This film isn’t something that will appeal to anyone looking for a coherent story. It is, however, passable entertainment for adults — as it includes brief nudity and constant sexual innuendo. This certainly isn’t a ride for everyone, and you probably won’t give it a second thought when you wake up the next morning. But if you like casual romps without consequence, this is the safest experience you’ll find these days. Many will be pleasantly surprised by how little of the film actually centers upon the chemistry between McConaughey and Hudson. This is a good thing, because as separate entities, these two actors are quite appealing; in their scenes together, they’re about as sexy as an emergency shower in a chemistry lab.
Fortunately, Fool’s Gold includes two supporting actors who manage to salvage the wreckage wrought by our decadent main players. Donald Sutherland easily slides into the role of wealthy Englishman who, while distinguished, enjoys an occasional adventure. The elder Sutherland is so understatedly seductive that you almost hope that Tess will run away with him instead of continuing to love her ex-husband. Then, in a clearly won demonstration of how to steal the film from a leading lady, Alexis Dziena performs an almost brilliant parody of the celebutante culture, impressing as a bouncier, far less gloomy version of Fairuza Balk.
Fool’s Gold manages to charm in many ways, but it entirely fails when it comes to important things like, say, coherence of plot and character development. Tennant shows his inexperience in directing action and adventure by stuffing the last twenty minutes of the film with the bulk of the action. Compared to the meandering slapstick humor of the first 90 minutes, the final act is unsettling in its sheer amount of violent bloodshed. Also troubling is the film’s stereotypical treatment of race. Representing Jamaica, mon, is a very inflated and dreadlocked Malcolm-Jamal Warner. To add even more splendid ignorance to the filmmakers’ repertoire, every African-American character is either a gangster, rapper, henchman, or some combination thereof. The Scottish Ewen Brenman is entirely unintelligible here, which I guess is the filmmakers’ cutesy way of depicting his ethnicity; in fact, his character is generally referred to not as Alfonz but as “the Ukranian sidekick.” Personally, I preferred Bremner when he was shitting himself in bed as Spud in Trainspotting, if that tells you anything at all about how I roll.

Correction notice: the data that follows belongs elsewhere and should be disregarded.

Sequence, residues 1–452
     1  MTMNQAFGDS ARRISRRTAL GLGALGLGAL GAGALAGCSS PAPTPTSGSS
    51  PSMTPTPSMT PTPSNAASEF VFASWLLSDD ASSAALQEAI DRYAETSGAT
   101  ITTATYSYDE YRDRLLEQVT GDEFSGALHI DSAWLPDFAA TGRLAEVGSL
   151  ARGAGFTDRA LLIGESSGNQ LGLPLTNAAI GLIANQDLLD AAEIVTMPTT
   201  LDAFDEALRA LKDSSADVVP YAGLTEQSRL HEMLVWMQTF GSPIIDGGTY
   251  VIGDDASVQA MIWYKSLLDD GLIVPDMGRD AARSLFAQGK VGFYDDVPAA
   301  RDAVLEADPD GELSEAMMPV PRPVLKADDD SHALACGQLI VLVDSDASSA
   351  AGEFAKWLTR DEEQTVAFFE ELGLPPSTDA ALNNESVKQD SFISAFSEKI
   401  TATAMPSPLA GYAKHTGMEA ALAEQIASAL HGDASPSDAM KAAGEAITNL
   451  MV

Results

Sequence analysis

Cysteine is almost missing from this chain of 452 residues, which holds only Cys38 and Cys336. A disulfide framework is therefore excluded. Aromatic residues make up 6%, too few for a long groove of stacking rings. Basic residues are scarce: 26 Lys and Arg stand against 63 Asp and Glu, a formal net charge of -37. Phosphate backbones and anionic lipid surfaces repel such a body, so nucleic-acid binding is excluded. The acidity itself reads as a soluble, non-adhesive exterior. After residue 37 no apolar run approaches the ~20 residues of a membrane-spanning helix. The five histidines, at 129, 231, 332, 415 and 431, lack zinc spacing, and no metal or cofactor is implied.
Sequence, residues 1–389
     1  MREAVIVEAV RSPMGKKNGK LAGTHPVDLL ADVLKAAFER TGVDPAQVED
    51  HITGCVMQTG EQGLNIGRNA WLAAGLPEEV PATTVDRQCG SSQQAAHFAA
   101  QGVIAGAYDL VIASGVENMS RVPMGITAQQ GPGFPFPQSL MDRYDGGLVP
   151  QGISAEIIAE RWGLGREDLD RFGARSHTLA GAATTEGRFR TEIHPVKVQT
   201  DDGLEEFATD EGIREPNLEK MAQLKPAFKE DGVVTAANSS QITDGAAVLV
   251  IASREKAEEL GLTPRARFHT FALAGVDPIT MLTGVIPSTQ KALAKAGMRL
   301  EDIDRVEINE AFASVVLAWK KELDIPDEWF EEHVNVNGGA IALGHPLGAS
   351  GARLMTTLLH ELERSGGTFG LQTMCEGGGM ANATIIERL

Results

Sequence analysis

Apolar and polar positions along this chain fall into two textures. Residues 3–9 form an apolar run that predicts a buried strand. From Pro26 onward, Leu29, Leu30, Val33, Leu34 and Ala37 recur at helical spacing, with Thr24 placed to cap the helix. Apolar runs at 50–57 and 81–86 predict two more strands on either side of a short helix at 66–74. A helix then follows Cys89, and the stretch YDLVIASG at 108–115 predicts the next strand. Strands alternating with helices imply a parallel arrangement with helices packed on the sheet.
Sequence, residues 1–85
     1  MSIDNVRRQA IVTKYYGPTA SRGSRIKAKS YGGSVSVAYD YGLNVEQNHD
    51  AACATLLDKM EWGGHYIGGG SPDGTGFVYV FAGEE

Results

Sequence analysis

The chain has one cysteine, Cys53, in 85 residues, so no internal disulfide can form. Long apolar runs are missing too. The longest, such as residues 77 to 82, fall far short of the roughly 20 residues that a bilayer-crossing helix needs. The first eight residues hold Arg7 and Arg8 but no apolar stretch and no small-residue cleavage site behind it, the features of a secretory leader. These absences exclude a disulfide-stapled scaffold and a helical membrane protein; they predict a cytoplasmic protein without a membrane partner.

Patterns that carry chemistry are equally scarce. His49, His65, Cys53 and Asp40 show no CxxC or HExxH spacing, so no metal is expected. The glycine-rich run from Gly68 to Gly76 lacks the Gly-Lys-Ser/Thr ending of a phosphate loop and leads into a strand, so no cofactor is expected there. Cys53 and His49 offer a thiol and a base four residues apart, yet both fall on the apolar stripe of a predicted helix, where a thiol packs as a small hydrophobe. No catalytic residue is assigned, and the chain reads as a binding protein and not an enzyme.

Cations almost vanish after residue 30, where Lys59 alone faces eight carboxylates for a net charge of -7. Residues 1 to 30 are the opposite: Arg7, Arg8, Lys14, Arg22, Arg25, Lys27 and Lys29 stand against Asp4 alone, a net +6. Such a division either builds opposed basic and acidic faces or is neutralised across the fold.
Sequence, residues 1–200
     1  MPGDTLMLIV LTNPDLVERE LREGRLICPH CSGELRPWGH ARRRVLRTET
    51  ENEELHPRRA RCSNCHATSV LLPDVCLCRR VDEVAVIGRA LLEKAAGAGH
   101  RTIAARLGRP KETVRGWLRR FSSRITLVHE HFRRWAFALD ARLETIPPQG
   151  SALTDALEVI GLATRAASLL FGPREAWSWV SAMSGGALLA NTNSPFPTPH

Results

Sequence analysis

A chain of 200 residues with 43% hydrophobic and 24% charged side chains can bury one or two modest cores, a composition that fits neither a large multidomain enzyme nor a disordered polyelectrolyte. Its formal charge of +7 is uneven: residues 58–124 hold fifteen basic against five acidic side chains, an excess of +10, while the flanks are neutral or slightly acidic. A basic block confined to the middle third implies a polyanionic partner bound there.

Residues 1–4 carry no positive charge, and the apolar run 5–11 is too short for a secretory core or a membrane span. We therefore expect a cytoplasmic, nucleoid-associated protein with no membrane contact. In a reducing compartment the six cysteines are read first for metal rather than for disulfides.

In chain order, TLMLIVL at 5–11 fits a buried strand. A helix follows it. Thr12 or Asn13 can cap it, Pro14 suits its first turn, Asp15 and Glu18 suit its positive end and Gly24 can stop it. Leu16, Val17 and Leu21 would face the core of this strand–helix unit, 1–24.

If this film manages to produce any lingering philosophical questions at all, one can only wonder why McConaughey has pretty much abandoned substantive roles in films that have earned critical acclaim (e.g., A Time to Kill, Contact, Amistad) to step into piles of cinematic crap like The Wedding Planner and Failure to Launch. To some degree though, you gotta respect the guy for embracing a caricature of himself and not endlessly complaining to journalists about how he wants to prove himself, not as a sex symbol, but as a real actor. After all, things could have turned out much worse for Fool’s Gold, say, if McConaughey had kept his shirt on.
Agent Bedhead (a.k.a. “Kimberly”) lives in Tulsa, Oklahoma. She and her little black heart can be found at agentbedhead.com.Prolongs Active McConaughey.
Film | February 6, 2008 | Comments ()